New MIT SMR Research Shows Psychological Safety Isn't Enough, Innovation Depends on Intellectual Honesty
CAMBRIDGE, Mass., Jan. 17, 2023 /PRNewswire/ -- New research released today in MIT Sloan Management Review reveals that many organizations prioritize psychological safety without realizing that the social cohesion it promotes can undermine intellectual honesty and therefore hamper innovation. Balancing psychological safety with intellectual honesty significantly increases a team's ability to innovate — particularly to create breakthrough innovations — because it unleashes the knowledge of team members.
"Psychological safety and intellectual honesty can sometimes work against each other," says Jeff Dyer, coauthor of Why Innovation Depends on Intellectual Honesty and the Horace Beesley Distinguished Professor of Strategy at Brigham Young University. "When people are candid in discussions, it can make people feel less safe. But a focus on social cohesion and making people feel safe can undermine honest, candid debate. The challenge for most leaders is to learn how to be more like Mr. Spock by promoting candid debate on the problems the team needs to solve in a hyperrational, non-biased way that defuses interpersonal conflict."
Assessing the cultures of teams, the authors identify four different team innovation cultures — anxious, comfortable, distressed, and innovative — and detail how each will influence a team's ability to innovate as well as the kinds of innovations they will excel at.
Based on their research of teams in technology startups and established companies across industries, the authors of "Why Innovation Depends on Intellectual Honesty" identify ive rules to fast-track intellectual honesty and outline four principles that are most important to achieving a balanced, innovative, high-performance team culture.
Principle 1: Foster emotional intelligence. Social awareness and relationship management are extremely important to encourage debate without destroying psychological safety.
Principle 2: Hire and develop proactive employees. Personal initiative is the most important individual trait in predicting whether someone will offer their ideas or raise questions.
Principle 3: Legitimize and encourage honesty. Task conflict within teams leads to more entrepreneurial strategies, more innovation, and higher performance.
Principle 4: Subordinate egos to unifying goals. The ability to package disagreement with respect is key to preserving psychological safety while ensuring intellectual honesty.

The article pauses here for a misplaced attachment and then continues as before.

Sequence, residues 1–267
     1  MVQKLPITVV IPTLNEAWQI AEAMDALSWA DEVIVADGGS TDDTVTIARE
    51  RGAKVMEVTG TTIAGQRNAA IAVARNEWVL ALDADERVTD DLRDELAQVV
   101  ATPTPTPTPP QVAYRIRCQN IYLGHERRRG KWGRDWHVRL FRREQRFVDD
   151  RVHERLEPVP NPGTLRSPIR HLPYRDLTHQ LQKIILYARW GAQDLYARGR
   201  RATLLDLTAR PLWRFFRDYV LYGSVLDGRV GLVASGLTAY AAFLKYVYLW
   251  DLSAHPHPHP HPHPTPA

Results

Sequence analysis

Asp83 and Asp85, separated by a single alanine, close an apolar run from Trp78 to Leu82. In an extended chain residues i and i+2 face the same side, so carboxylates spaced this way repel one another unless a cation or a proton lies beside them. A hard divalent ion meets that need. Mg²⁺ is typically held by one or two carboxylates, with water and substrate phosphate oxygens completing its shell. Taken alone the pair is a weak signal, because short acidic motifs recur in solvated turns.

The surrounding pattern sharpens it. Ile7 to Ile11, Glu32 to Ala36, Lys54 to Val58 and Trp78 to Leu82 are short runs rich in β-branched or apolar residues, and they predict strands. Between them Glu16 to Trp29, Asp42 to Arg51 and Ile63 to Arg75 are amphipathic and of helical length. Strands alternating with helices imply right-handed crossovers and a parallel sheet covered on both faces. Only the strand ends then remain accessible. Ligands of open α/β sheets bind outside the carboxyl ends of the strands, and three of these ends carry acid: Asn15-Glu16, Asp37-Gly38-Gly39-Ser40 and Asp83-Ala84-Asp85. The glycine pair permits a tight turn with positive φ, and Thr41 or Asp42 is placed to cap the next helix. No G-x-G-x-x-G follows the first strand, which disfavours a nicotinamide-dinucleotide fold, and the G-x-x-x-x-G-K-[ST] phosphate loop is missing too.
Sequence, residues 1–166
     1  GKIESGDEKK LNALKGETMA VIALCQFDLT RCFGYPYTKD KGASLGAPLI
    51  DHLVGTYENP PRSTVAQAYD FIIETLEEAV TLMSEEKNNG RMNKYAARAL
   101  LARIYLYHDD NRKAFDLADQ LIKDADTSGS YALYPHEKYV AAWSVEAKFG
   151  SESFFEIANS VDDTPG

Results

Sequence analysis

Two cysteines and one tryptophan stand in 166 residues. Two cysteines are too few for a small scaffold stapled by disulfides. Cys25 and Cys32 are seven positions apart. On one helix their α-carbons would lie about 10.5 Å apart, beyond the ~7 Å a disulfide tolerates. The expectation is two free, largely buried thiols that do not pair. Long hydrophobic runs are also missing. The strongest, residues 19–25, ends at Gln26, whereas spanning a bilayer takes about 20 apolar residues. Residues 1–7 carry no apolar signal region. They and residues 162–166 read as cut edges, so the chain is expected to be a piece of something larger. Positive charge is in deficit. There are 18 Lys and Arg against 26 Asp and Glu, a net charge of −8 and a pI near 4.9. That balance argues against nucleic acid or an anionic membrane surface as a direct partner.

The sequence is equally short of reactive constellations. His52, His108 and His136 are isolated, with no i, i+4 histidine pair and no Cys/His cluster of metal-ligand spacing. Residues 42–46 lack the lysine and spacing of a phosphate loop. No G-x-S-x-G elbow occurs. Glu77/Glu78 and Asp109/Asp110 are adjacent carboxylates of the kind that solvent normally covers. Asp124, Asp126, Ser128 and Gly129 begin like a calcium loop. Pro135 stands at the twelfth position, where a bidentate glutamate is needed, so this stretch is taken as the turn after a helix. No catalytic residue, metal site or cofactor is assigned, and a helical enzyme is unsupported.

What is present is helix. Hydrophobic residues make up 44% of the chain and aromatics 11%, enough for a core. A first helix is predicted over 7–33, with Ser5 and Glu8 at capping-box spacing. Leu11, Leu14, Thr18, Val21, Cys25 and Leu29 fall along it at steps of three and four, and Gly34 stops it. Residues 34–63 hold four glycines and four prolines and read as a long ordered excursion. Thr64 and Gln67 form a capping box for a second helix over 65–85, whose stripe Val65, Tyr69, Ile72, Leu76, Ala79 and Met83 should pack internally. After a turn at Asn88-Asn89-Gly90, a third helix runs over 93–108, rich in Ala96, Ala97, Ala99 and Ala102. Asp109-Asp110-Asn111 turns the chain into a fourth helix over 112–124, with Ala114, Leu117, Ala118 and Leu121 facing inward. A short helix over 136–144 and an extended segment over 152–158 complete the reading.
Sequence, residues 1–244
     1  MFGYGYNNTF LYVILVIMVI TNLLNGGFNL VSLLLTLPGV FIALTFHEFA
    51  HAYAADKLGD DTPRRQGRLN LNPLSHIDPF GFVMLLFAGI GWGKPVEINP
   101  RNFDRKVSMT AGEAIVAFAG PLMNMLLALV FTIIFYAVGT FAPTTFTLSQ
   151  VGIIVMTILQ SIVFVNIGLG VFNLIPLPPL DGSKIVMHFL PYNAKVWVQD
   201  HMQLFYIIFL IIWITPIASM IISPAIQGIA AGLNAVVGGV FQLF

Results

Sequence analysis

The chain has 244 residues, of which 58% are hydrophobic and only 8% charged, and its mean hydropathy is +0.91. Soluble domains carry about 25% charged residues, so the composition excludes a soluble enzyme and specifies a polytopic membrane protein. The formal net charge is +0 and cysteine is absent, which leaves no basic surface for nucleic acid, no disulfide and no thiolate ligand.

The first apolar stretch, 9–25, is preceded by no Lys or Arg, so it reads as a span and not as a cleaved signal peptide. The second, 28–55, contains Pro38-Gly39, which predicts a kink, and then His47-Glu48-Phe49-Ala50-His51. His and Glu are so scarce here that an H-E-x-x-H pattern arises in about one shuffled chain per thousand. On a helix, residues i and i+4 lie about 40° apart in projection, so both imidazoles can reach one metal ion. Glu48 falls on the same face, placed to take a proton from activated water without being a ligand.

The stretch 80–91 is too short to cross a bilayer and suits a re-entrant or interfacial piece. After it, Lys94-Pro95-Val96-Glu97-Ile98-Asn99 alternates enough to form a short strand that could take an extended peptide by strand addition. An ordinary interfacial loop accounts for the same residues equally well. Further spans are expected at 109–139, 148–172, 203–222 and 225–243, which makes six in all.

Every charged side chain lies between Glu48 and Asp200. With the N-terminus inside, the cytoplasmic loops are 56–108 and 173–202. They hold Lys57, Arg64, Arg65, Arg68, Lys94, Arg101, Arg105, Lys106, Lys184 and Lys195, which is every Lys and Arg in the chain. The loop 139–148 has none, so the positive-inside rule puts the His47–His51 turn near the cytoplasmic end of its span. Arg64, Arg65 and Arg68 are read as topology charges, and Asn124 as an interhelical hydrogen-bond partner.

"Being able to be candid but not brutal may be the missing ingredient that teams need for innovation to prosper," added Dyer. "Steve Jobs was, in his own words, 'brutally honest,' but that honesty tended to destroy psychological safety. When leaders can set aside their egos and invite scrutiny of their own ideas in a respectful, rational way, intellectual honesty will follow."
A short team innovation culture assessment is included in "Why Innovation Depends on Intellectual Honesty" for leaders to survey their teams' levels of psychological safety and intellectual honesty.
The authors surveyed teams in more than 60 technology startups and established companies in a variety of industries to understand the interaction between psychological safety and intellectual honesty and the extent to which they are essential to fostering innovation. To measure psychological safety, they used the survey questions developed by Amy Edmondson for her study published in Administrative Science Quarterly. To measure intellectual honesty, they developed questions based on their interviews with dozens of teams, as well as the existing management research on employee voice in organizational change.
The MIT Sloan Management Review (MIT SMR) article "Why Innovation Depends on Intellectual Honesty" publishes at 8 a.m. ET on Jan. 17, 2023.
About the Authors
Jeff Dyer is the Horace Beesley Distinguished Professor of Strategy at Brigham Young University. Nathan Furr is a professor at INSEAD in Paris. Curtis Lefrandt is cofounder and CEO of Innovator's DNA, a consulting firm. Taeya Howell is an assistant professor of organizational behavior and human resources management at Brigham Young University. Dyer and Furr coauthored The Innovator's Method (Harvard Business Review Press, 2014) and, along with Lefrandt, coauthored Innovation Capital (Harvard Business Review Press, 2019).
About MIT Sloan Management Review
MIT Sloan Management Review (MIT SMR) is an independent, research-based magazine and digital platform for business leaders, published at the MIT Sloan School of Management. MIT SMR explores how leadership and management are transforming in a disruptive world. We help thoughtful leaders capture the exciting opportunities — and face down the challenges — created as technological, societal, and environmental forces reshape how organizations operate, compete, and create value.
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SOURCE MIT Sloan Management Review
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